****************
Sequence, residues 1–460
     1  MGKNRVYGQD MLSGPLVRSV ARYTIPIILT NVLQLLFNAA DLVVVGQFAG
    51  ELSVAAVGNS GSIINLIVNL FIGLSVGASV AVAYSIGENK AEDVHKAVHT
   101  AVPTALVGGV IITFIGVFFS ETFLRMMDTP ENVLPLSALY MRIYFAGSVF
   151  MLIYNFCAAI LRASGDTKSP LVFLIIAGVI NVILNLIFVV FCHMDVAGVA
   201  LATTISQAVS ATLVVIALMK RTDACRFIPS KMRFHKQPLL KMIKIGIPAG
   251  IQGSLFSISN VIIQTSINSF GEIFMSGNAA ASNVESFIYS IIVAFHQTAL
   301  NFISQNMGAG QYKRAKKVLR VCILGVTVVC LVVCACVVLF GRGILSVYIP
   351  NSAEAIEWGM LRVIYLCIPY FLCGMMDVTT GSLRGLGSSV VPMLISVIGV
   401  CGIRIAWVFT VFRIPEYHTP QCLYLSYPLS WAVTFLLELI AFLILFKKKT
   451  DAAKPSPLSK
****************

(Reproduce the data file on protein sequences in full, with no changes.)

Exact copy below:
Sequence, residues 1–460
     1  MGKNRVYGQD MLSGPLVRSV ARYTIPIILT NVLQLLFNAA DLVVVGQFAG
    51  ELSVAAVGNS GSIINLIVNL FIGLSVGASV AVAYSIGENK AEDVHKAVHT
   101  AVPTALVGGV IITFIGVFFS ETFLRMMDTP ENVLPLSALY MRIYFAGSVF
   151  MLIYNFCAAI LRASGDTKSP LVFLIIAGVI NVILNLIFVV FCHMDVAGVA
   201  LATTISQAVS ATLVVIALMK RTDACRFIPS KMRFHKQPLL KMIKIGIPAG
   251  IQGSLFSISN VIIQTSINSF GEIFMSGNAA ASNVESFIYS IIVAFHQTAL
   301  NFISQNMGAG QYKRAKKVLR VCILGVTVVC LVVCACVVLF GRGILSVYIP
   351  NSAEAIEWGM LRVIYLCIPY FLCGMMDVTT GSLRGLGSSV VPMLISVIGV
   401  CGIRIAWVFT VFRIPEYHTP QCLYLSYPLS WAVTFLLELI AFLILFKKKT
   451  DAAKPSPLSK